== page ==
While riding the trotros to and from our service site every Monday, Wednesday, and Friday, I frequently see individuals with various physical disabilities lining the middle divider of the road. Unlike the various sellers of goods that they share this space with, these individuals are not shouting out “nsao” or “borɔdeɛ” or prices, but instead they weave between the cars stuck in traffic and reach out in hopes that someone will hand a cedi out the window for them. This alone might not be particularly noteworthy; I see similar individuals as I drive down the streets of Atlanta.
But on Wednesday when we visited the Cape Coast School for the Deaf and Blind, I was struck by the reflection of how little I see people with disabilities elsewhere in Ghanaian society. With the exception of those on the road and the children we saw in the school, disability seemed hidden from the public eye. I have not encountered any individuals with disabilities in shops, businesses, restaurants, the university, or anywhere else in Ghanaian public life. Thinking further, I wonder about navigating crossing streets with no crosswalks if an individual cannot see, about catching a trotro if one communicates nonverbally or is hard of hearing, or moving along a market on the side of street in a wheelchair in uneven terrain.
During one of our ANT 321 Classes, Dr. Dr. Otchere Addai-Mensah asked us to think about the buildings that we’ve been moving through during our stay in Ghana so far. Do they include ramps or elevators? Braille on signs? Hand railings? The more we looked, the more the answer was “no.” Even in our own building, there is no accessible way to access the upper floors. The stairs between the floors are uneven, meaning without sight, they could be tough to navigate. I’ve felt conflicted about how I feel about this lack of accessibility. On one hand, I am judging based on amendments we have made in some (but certainly not all) American buildings. What works for individuals in the United States might not work for those in Ghana. The United States does not do a particularly stellar job at making its system accessible either, and perhaps therefore I should not be comparing based on what I’ve seen at home. And how does Ghana’s economic situation and its effect on costs in construction play into the picture? How does education and literacy levels affect this problem? Do beliefs in traditional medicine hurt or help?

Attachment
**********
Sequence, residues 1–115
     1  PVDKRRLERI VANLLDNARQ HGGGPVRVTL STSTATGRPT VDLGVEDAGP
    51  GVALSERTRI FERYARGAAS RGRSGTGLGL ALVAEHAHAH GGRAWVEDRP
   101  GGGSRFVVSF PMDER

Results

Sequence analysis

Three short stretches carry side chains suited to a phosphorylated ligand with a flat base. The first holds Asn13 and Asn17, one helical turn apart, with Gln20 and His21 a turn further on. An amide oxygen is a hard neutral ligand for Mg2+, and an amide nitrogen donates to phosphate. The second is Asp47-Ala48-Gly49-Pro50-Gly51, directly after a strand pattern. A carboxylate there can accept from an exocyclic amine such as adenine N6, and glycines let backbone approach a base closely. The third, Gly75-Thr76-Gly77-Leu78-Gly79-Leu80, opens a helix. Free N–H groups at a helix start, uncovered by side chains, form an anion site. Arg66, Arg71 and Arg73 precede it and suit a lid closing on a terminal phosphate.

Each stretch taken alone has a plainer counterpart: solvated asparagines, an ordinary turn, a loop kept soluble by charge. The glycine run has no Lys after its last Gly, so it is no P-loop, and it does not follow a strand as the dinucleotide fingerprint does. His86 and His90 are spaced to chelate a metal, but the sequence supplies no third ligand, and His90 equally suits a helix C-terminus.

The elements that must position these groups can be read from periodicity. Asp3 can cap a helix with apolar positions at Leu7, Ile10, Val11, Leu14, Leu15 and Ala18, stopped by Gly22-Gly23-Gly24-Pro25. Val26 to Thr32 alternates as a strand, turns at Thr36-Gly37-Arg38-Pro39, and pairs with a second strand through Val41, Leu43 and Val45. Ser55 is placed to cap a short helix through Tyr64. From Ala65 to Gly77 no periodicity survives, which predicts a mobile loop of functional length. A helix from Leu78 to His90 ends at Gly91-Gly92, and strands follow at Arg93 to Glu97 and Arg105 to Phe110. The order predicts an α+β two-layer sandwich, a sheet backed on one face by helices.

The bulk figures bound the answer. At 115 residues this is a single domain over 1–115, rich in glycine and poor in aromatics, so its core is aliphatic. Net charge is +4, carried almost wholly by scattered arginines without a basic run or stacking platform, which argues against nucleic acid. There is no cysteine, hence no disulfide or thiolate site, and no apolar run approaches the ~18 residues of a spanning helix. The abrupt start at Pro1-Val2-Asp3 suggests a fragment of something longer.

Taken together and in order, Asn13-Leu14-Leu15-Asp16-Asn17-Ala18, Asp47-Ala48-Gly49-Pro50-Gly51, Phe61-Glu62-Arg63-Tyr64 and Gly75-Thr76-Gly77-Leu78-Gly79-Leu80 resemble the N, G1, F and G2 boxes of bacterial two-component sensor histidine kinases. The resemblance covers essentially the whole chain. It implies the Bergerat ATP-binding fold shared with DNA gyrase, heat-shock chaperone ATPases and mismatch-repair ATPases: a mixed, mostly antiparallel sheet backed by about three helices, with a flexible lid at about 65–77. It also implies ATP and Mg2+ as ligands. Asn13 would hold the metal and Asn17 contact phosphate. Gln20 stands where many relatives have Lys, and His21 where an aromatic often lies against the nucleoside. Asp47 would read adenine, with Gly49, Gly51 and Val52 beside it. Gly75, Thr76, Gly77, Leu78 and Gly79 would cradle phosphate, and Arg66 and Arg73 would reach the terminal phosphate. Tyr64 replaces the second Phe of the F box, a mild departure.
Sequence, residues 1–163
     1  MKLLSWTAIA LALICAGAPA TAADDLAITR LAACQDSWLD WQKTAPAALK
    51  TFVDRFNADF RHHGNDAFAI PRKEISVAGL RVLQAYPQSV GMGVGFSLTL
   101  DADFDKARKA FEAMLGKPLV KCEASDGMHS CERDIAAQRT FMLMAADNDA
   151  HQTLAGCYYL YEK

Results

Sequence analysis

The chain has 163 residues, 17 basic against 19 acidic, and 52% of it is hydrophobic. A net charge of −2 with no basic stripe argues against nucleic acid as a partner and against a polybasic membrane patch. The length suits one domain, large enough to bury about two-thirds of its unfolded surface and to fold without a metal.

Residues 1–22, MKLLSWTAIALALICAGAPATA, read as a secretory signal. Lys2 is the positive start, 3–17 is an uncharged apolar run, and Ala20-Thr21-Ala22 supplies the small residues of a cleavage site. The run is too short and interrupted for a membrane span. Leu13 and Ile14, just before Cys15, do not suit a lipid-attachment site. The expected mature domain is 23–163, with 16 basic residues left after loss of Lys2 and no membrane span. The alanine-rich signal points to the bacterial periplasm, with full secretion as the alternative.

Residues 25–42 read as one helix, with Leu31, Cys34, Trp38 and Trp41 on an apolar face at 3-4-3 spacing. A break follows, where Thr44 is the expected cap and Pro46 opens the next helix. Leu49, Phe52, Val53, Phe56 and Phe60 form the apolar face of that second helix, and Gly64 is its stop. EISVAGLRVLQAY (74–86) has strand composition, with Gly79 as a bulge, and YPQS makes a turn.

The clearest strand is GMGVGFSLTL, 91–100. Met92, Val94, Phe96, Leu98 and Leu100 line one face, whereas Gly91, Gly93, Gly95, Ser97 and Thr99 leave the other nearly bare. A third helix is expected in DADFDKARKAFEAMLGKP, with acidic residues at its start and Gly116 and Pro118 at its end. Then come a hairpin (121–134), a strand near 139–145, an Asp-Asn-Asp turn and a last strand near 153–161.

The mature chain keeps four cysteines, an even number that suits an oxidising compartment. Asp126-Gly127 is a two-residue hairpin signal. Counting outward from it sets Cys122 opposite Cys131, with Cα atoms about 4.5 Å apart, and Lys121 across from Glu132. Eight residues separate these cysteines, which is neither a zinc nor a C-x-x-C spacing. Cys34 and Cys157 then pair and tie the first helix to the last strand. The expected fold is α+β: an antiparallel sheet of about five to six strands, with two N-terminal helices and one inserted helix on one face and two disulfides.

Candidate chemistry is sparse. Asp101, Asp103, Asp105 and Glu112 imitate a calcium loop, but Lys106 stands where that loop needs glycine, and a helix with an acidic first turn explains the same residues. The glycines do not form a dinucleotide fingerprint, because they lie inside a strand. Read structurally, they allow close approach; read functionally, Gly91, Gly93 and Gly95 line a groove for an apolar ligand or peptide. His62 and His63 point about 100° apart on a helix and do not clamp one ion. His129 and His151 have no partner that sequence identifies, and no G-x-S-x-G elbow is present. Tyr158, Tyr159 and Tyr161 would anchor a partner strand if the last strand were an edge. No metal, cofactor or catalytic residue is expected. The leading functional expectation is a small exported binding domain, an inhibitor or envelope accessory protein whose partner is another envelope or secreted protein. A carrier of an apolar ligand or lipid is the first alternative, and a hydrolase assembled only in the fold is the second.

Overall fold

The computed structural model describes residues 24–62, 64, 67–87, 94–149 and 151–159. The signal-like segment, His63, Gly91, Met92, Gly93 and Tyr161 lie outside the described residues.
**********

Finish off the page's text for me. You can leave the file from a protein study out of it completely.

Our visit to the Cape Coast School for the Deaf and Blind shifted my perspective on the response to disability here in Ghana. There, we saw children thriving as they shared their traditional dance performances and songs with us. The headmaster explained that the children would complete their education and take their exams at the same time as (or sometimes a year later than) their able-bodied peers. These adolescents go on to either further schooling or apprenticeships and become active and skilled members of their community.
The school represented a healthy response to those with differing abilities in society. The students were energetic and engaged, playfully signing in ASL to each other behind the back of the headmaster and giggling at the sight of small group of foreigners who had come to watch their end of the year performance.
Ableism in Ghana is critiqued online by journalists, who have called out the comments of politicians who leave out or degrading people with disabilities. Recently in January, a journalist even pushed back against President Nana Addo for his assertion that “We came to fix Ghana, and in these two years, it is only those who are blind or deaf who are not aware that indeed we have done something.” The journalist asserted that “Mr. President, the blind and deaf are Ghanaians too.”
As more attention is focused on ableism and disability through the media and NGO’s founded by and for people with disabilities (links to these organizations below) gain traction in more areas of Ghana, perhaps a future visitor to Ghana will have a different experience than me, encountering people with various abilities in every area of Ghanaian life. Ableism is a problem in every culture, and we could all do more to check our language and our able-bodied privileges.
Links to critiques of ableism in politician’s comments: